Some time ago, Ubuntu introduced a Security "feature", that would only allow trusted .desktop apps to be run, on other apps it would pop up a message.

Nothing new so far, However, said Message used to have a button to make the app "trusted", but that button doesn't exist anymore:

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What's the point of this dialog?

  • Additional hint: After finding that and trying it with only partial success, I found this, which explains it how to make a correct desktop file and where to place it: askubuntu.com/questions/13758/… – Henning Feb 22 '14 at 2:19

This dialog exists for your own safety, annoying as it is. To remove it, right click the launcher, click properties, and then go to the permissions tab and choose execute for the users you want to allow.

This will allow you to use the launcher from now on.

To do this for a large amount of launchers in the same directory, open a terminal (in the same directory) and run:

chmod +x *.desktop
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  • 3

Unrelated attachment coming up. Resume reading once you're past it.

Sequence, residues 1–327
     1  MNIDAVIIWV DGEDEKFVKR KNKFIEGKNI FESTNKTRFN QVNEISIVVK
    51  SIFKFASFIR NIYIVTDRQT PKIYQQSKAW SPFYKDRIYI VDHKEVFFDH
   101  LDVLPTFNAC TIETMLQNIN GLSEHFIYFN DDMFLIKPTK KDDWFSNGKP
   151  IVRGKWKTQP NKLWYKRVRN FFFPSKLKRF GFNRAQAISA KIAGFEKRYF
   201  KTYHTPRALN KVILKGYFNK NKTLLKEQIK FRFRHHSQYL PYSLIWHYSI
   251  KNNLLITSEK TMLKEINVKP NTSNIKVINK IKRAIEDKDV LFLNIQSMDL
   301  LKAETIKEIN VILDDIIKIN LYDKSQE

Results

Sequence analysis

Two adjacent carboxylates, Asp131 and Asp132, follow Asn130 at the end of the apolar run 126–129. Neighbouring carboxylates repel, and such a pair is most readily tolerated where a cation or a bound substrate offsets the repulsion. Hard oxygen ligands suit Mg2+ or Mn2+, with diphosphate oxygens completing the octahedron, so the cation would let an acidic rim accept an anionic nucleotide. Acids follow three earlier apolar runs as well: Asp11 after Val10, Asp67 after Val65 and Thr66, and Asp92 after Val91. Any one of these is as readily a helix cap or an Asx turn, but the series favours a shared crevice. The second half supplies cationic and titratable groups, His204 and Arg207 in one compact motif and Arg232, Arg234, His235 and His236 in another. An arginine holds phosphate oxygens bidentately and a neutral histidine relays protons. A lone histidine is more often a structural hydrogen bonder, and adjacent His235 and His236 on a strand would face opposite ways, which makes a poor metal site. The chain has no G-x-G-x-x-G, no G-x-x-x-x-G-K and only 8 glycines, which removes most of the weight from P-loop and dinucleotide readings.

Would someone mind explaining how it is that this dialog exists for users' own safety? What kind of protection is it providing? – J. Taylor Oct 5 '15 at 7:13
  • 6
    @J.Taylor Suppose you download a .desktop file in your web browser, or receive one in a file transfer while instant messaging. Typically it would not have executable permissions (if it did, this would be considered a bug in the browser or IM client). This gives you the chance to decide if you want to run it. In contrast, most kinds of files don't run code, that can do anything as the user that runs them when opened. To open a word processing document or watch a video there's no extra step; to run a downloaded program or .desktop file, there is, to ensure this is really what you want. – Eliah Kagan Jul 24 '17 at 3:51
  • Also be sure that exec file that *.desktop is pointing also must be executable – Andrew Luca Oct 30 '18 at 11:51

Right click the launcher and press "Properties", in the "Permissions" tab you will find a checkbox marked Execute, make sure that it is checked and Ubuntu will stop bugging you.

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  • This option is greyed out in my installation. I am using Ubuntu Studio 18.04 – R B Aug 18 '18 at 10:19
  • @RB Probably you don't have write access to the directory the file is in, or the file is on a filesystem that doesn't support execute permissions. If you need more details, please ask a new question. – wjandrea Sep 29 '18 at 0:24

This may also appear if any of the paths in your .desktop files are malformed or do not refer to existing files or directories. Check that all the path names in your .desktop file exist, and this will often fix the problem.

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